Current Projects

Projects encompass diabetes research, research software development, and teaching.

A framework for an open and scalable infrastructure for health data exemplified by the DD2 initiative

This is a software project where we aim to build an open source data infrastructure framework that makes it easier to connect data collectors, researchers, clinicians, and the general public, with the data, documentation, and findings within health studies. We will be creating this framework in such a way that other research groups and companies, who might be unable to adequately invest in building infrastructures of this type on their own, can relatively easily implement it, and modify as needed, for their own purposes. Check out the project website for a detailed description of what we will be doing.

The metabolic consequences of adverse early life conditions and subsequent risk for adult type 2 diabetes

This is my main ‘classic’ research. The aim is to investigate how early life conditions influence adult metabolic capacity and ultimately risk for type 2 diabetes. I’ll be using data from Denmark’s registers and linking to some cohort studies to apply causal structure learning methods to identify pathways between early life, adult metabolic characteristics, and diabetes. There are several sub-projects related to this main project:

  1. Denmark statistics application and study protocol: gitlab.com/lwjohnst/meld-protocol.
  2. R package development for the statistical method: NetCoupler
  3. An analysis of the UK Biobank and InterAct data using NetCoupler to build the pipeline for the data analysis of the register datasets.

Improving data analysis and reproducibility within science

There are several projects that fall under this project heading. The main aim is to make reproducible and open science the default by making it the easiest, simplest, and fastest approach to doing science. These projects fall under (for now) three areas:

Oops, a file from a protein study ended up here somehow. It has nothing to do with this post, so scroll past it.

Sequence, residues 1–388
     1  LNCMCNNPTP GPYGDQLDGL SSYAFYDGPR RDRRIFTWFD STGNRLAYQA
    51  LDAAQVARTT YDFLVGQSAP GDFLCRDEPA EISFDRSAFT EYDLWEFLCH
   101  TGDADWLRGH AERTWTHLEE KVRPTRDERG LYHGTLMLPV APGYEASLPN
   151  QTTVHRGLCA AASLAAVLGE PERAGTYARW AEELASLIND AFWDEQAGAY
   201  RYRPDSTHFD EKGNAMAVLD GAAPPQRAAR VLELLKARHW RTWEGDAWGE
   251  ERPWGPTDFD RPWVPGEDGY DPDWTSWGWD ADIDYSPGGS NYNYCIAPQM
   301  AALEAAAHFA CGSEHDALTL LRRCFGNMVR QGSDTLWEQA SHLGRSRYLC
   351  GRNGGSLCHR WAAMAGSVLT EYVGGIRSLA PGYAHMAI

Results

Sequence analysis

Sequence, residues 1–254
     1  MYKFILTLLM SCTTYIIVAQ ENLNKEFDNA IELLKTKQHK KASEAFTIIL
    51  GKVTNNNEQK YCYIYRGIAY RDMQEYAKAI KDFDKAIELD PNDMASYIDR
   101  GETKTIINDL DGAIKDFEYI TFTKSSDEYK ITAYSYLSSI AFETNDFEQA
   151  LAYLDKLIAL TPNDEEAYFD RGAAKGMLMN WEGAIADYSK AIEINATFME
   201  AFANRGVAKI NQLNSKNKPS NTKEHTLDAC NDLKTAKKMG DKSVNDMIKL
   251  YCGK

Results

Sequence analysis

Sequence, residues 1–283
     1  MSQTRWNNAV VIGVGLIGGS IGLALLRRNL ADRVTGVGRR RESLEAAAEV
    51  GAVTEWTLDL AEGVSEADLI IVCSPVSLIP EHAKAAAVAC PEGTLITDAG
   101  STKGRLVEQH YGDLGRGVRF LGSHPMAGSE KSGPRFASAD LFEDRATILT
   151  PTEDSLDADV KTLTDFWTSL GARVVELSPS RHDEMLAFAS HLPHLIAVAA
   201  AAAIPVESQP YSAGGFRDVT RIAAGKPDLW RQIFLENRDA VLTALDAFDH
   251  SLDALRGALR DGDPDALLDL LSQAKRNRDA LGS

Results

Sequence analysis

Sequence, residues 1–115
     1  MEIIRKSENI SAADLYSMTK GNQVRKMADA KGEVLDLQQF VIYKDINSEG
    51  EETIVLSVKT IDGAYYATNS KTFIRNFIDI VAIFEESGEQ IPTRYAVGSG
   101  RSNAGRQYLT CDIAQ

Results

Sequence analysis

1. Documentation: Create and develop a philosophy (a “manifesto”) to explicitly state how reproducible and open science should be conducted from a practical point of view. Currently (slowly) being developed at rostools/manifesto.
  2. R Packages: Using the manifesto as a guide, to build an ecosystem of tools that automate as many aspects of doing an open and reproducible research project and streamlining many other aspects. An example of one of these packages is the prodigenr package.
  3. Teaching: To integrate the ecosystem of R packages with a set of beginner-friendly and accessible training materials and documentation that future and current scientists can use to learn how to conduct reproducible and open science easily and simply. Developing and running workshops aimed at teaching researchers modern tools and skills to work openly and reproducibly. For an example of one of these projects, check out the r-cubed teaching material.
    • Other projects related to teaching include two (completed and planned) books of teaching material for Research Software Engineering in R and Python and two books of teaching material for Novice R and Python. See the main website Merely Useful for links to these books.